The Uncitral Arbitration Rules

Author: David D. Caron
Publisher: OUP Oxford
ISBN: 0191665320
Size: 25.69 MB
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Reaching past the secrecy so often met in arbitration, the second edition of this commentary explains clearly and fully the workings of the UNCITRAL Rules of Arbitral Procedure recommended for use in 1976 by the United Nations. This new edition fully takes account of the revised Rules adopted in 2010 while maintaining coverage of the original Rules where these remain relevant. The differences between the old and the new Rules are clearly indicated and explained. Pulling together difficult to obtain sources from the Iran-United States Claims Tribunal, arbitrations under Chapter 11 of the North American Free Trade Agreement, and ad hoc arbitrations, it illuminates the shape the UNCITRAL Rules take in practice. The authors cogently critique that practice in the light of the negotiating history of the rules and solutions adopted by the other major private rules of arbitral procedure. To aid the specialist in the field, the practice of these various tribunals is extensively extracted and reproduced. Rich both in its analysis and sources, this text is indispensable for those working in or studying international arbitration.

The Un Genocide Convention

Author: Paola Gaeta
Publisher: Oxford University Press, USA
ISBN: 0199570213
Size: 72.86 MB
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The Convention for the Prevention and Punishment of the Crime of Genocide, adopted by the United Nations General Assembly on 9 December 1948, is one of the most important instruments of contemporary international law. It was drafted in the aftermath of the Nuremberg trial to give flesh and blood to the well-known dictum of the International Military Tribunal, according to which 'Crimes against international law are committed by men, not by abstract entities, and only by punishing individuals who commit such crimes can the provisions of international law be enforced'. At Nuremberg, senior state officials who had committed heinous crimes on behalf or with the protection of their state were brought to trial for the first time in history and were held personally accountable regardless of whether they acted in their official capacity. The drafters of the Convention on Genocide crystallized the results of the Nuremberg trial and thus ensured its legacy. The Convention established a mechanism to hold those who committed or participated in the commission of genocide, the crime of crimes, criminally responsible. Almost fifty years before the adoption of the Rome Statute, the Convention laid the foundations for the establishment of the International Criminal Court. It also obliged its Contracting Parties to criminalize and punish genocide. This book is a much-needed Commentary on the Genocide Convention. It analyzes and interprets the Convention thematically, thoroughly covering every article, drawing on the Convention's travaux preparatoires and subsequent developments in international law. The most complex and important provisions of the Convention, including the definitions of genocide and genocidal acts, have more than one contribution dedicated to them, allowing the Commentary to explore all aspects of these concepts. The Commentary also goes beyond the explicit provisions of the Convention to discuss topics such as the retroactive application of the Convention, its status in customary international law and its future.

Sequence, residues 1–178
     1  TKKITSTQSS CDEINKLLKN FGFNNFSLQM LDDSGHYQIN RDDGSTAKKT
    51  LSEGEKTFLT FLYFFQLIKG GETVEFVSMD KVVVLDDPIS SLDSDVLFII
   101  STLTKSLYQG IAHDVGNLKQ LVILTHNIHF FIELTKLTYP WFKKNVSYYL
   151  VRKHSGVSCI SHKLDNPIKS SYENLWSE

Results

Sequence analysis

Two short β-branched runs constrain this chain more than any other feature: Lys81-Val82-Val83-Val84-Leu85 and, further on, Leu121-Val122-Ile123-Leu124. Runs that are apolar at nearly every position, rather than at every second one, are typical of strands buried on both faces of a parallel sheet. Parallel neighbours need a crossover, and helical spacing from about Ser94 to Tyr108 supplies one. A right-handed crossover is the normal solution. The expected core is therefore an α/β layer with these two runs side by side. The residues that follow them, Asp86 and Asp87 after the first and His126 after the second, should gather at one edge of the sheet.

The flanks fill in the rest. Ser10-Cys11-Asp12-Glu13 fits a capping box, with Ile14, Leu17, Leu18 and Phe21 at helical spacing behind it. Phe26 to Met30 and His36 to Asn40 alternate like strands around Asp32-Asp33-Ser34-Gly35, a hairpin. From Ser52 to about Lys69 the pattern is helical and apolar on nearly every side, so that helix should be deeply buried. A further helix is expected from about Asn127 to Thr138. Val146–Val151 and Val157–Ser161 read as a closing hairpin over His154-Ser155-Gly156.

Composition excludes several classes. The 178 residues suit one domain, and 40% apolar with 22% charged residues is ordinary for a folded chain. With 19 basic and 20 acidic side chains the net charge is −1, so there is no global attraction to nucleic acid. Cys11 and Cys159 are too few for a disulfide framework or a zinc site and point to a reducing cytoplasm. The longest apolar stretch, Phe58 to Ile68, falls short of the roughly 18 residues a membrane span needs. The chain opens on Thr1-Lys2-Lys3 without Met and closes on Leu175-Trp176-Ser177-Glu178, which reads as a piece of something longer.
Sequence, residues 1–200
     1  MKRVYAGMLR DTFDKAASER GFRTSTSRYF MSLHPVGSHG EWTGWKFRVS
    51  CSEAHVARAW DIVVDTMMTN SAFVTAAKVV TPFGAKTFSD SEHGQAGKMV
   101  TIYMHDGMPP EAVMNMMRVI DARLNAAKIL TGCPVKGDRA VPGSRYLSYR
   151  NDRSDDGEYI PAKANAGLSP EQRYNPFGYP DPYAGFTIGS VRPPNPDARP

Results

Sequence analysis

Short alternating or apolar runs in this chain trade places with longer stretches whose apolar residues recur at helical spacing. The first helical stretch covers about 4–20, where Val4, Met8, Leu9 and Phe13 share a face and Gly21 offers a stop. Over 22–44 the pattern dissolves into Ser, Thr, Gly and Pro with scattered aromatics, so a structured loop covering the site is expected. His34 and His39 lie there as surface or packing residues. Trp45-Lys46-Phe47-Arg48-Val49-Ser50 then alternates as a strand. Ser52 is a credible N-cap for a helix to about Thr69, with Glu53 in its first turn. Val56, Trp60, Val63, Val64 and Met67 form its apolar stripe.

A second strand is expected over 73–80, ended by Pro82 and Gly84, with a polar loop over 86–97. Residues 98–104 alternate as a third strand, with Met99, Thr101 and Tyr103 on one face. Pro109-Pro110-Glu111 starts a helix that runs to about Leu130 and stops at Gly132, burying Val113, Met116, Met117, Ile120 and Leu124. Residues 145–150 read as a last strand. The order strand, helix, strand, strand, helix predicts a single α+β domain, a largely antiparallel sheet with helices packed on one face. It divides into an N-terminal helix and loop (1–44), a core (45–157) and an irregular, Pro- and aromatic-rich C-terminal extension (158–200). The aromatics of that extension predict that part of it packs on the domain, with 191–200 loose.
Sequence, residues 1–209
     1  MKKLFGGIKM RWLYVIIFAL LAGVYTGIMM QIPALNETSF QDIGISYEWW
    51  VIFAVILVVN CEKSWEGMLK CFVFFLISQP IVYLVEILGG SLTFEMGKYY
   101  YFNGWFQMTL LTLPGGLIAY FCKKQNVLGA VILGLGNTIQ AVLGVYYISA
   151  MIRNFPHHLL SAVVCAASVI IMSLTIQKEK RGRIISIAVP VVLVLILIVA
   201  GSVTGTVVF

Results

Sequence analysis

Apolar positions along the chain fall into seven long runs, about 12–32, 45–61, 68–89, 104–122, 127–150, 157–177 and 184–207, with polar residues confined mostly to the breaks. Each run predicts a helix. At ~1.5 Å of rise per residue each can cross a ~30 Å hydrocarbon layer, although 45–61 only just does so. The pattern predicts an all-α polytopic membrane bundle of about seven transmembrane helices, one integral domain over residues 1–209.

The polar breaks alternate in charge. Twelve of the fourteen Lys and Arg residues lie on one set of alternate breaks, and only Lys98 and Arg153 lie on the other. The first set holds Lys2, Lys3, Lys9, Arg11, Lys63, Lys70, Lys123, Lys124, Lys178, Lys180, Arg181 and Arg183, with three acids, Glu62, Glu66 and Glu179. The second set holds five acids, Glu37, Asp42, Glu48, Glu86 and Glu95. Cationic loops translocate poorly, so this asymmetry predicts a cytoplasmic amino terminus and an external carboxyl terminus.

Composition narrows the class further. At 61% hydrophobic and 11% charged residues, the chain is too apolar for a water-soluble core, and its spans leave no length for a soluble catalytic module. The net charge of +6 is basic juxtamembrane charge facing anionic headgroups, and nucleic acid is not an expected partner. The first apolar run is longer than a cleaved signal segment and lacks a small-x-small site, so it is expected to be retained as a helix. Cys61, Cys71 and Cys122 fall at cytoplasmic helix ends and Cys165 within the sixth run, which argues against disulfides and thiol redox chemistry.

The Chemical Weapons Convention

Author: Walter Krutzsch
Publisher: Oxford University Press
ISBN: 0199669112
Size: 44.33 MB
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The Chemical Weapons Convention is one of the cornerstone disarmament and arms control agreements, and the only global and comprehensive disarmament treaty that is being verified by an international agency. This Commentary assesses the provisions of the Convention and its implementation, with cross-cutting chapters providing a broader analysis.